Death Over Dinner: Removing the Stigma from Death

I was listening to the local NPR station recently and heard about a new movement called Death Over Dinner, based in Washington state but with a national reach. The premise is this: you invite a group of people — family members, friends, coworkers, even perfect strangers — to dinner at a given location specifically to discuss death. The conversation can cover any aspect of death, from end of life plans and funeral services to fears of death, the science behind the dying process, and different cultures’ perspectives on death. The website linked above allows dinner planners to select “homework” (articles, excerpts from books, short videos and audio) for guests to complete before the dinner date so that everyone is on the same page and has relevant thoughts to contribute to the discussion, and then helps to plan the dinner around this discussion.

The Death Taboo

The founder of the movement, Michael Hebb, began this project in response to a statistic he heard in conversation with two doctors on a train: while nearly 75% of Americans express a wish to die at home, only 25% of them actually do. Hebb asserts that the primary reason for this is that the subject of death is so taboo that people often don’t discuss their wishes regarding the circumstances of their deaths and all that comes afterward — memorial services, funerals, the dispensation of their bodies, wills and the execution of their estates — to their detriment and that of their loved ones and caregivers.

“Small Deaths” by Kate Breakey

I’ve often seen this death taboo in action. One instance that immediately comes to mind is a series of comments on Pinterest regarding an image of a dead woodpecker in a series entitled “Small Deaths” by photographer Kate Breakey. Some comments were positive; one pinner, picking up on the photographer’s reverent treatment of the bird in the photo, simply replied: “All life is precious. Beautiful.” But other pinners were extremely offended by the image, with one stating:

There’s nothing ‘artistic’ about the death of an animal. People who think so, in my opinion, are ignorant little infants who know nothing of death and are pretentiously trying to appear ‘deep.’

You can sense the fear of death that pervades that statement; for that pinner, the rawness of death is not something she wants to explore, or even other people to explore. It’s a subject that should remain unexamined, buried with the dead; to examine it is somehow disrespectful to the dead. It’s as if any examination of death, regardless of tone or method, is somehow pornographic.

This confused me. I don’t shy away from examinations of death, but it’s not because I’ve never experienced it in my life and have some twisted, dilettante fascination with it. I’ve experienced the loss of family members, young acquaintances and school peers. We’ve all seen roadkill, taxidermy and hunting photos. I’m acutely aware of death, and it’s that awareness that makes me want to face it, examine it, perhaps make it less frightening because I know it’s inevitable.

To me, and I stated this in a response to the offended parties, the photograph doesn’t seek to glorify death in any way; instead, it reinforces the sense that death — all death — is worthy of being mourned and remembered. It’s not unlike the Victorian tradition of photographing the dead in memoriam. The title of the series, “Small Deaths,” is partly ironic because it’s clear, from the very meticulous way that the animals are laid and the framing of the images, that the photographer (and, by extension, the audience) does not view this death as “small,” at least not in the sense of being trivial. The aesthetic beauty of the photograph is an expression of reverence, not exploitation, in that it takes this death that we might look past in the yard or along the side of the street and forces us to see and feel that loss.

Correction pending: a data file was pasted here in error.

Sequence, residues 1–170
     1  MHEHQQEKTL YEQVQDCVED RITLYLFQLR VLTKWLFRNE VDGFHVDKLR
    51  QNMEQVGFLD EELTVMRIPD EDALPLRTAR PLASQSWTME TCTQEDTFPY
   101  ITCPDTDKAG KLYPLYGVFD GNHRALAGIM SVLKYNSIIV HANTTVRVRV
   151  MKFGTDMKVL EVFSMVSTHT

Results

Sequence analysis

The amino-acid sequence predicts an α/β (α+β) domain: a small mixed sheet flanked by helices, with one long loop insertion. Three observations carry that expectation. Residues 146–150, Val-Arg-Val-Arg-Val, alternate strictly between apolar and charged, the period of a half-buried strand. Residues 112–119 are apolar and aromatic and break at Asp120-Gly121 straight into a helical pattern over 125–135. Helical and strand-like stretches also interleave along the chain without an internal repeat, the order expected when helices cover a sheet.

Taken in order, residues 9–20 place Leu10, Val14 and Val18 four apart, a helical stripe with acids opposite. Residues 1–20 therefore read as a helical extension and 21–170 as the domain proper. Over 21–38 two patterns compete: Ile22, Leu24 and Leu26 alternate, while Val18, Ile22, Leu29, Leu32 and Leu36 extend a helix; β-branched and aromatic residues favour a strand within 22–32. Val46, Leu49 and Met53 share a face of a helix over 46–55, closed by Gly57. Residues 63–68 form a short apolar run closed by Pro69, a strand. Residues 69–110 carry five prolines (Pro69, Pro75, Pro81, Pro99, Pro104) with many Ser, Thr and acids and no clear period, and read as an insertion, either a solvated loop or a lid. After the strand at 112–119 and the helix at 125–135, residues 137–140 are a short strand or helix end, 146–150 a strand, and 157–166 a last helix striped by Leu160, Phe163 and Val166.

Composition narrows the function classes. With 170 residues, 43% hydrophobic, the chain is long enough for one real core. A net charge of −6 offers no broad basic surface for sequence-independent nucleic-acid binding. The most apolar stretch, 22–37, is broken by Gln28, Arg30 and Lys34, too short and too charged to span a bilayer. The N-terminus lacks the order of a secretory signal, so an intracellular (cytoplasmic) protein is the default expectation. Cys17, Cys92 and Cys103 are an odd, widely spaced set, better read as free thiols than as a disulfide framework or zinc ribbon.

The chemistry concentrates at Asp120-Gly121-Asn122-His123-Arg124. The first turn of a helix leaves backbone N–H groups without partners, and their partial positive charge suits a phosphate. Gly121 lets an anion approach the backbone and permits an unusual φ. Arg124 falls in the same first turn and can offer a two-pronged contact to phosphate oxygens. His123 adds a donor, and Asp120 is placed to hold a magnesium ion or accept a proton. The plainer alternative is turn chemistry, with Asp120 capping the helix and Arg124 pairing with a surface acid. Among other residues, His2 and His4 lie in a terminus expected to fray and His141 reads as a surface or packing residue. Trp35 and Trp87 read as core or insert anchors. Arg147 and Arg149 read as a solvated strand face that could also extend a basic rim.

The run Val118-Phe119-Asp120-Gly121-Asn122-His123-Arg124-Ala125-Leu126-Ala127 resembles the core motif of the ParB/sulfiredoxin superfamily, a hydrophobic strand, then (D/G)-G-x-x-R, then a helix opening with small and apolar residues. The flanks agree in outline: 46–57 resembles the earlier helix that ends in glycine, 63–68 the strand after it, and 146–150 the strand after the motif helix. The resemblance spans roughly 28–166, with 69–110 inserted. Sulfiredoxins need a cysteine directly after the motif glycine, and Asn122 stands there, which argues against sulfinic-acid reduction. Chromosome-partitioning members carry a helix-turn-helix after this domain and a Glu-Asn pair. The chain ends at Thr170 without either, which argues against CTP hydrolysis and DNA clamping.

Learning to Talk About Death

Photo by Scott Macklin, via the Department of Communication, University of Washington

Of course, we all deal with death in different ways, but I think that Hebb is right that our culture’s death taboo comes at a cost. By not being willing to examine or discuss death, we are inadvertently missing out on valuable conversations that can make the last years and moments of our lives, and those of our loved ones, more comfortable and fulfilling. Not knowing how someone would have liked to be remembered and laid to rest can create a lot of uncertainty and stress in the aftermath of the death of a loved one. Having that discussion gives everyone an opportunity to think about how they would like to be remembered and what messages they would like conveyed after they’ve passed.

Growing up, my family was always very frank about death, dying and how we want to be remembered. This means that I know that my dad wants “Simple Man” played at his funeral, and that my mom wants to be cremated and her ashes planted with a tree (I want the same). My sister has made it clear that she doesn’t want any chemicals pumped into her body (to avoid poisoning the earth) or to be cremated — she wants to be buried whole, naturally, in the earth. I actually have an entire Word document with my future funeral service planned out. It includes music and passages that are meaningful to me and will hopefully provide comfort to those in mourning, and instructions for how to dispose of my body. These desires of ours have been shared over and over again during long family road trips, while shopping or cleaning the house or gardening, and yes, during dinner.

I’ve carried this tradition over into my marriage. We address the topic of death and loss during long walks, long drives, and over dinner, just as my parents did. We talk about our terror of losing each other or our son, our sentimental goal of dying peacefully and naturally together at a good old age, whether (if one of us does die before the other) we want the other to remarry and how we’d like our son to be raised. We talk about how we’d like our bodies to be interred and the general structure and tone of our memorial services. As our son grows older, he’ll be part of these conversations, too.

We don’t enjoy talking or thinking about these things, but we know it’s important. The one thing I fear more than death is being taken off-guard by it. Of course, we can never be truly, completely prepared, but it helps to have a framework so that, when the time comes, there’s a little less mystery, fear and frustration to confront. During these conversations, death feels less like a door ready to be slammed in my face than a transition, and our last rites serve as a method of easing both the dead and the living into the next phase in ways that are comforting and deeply meaningful. Knowing how someone wants to be remembered through the funerary process is a way to ensure that the ties we feel with them remain strong, even after they leave us.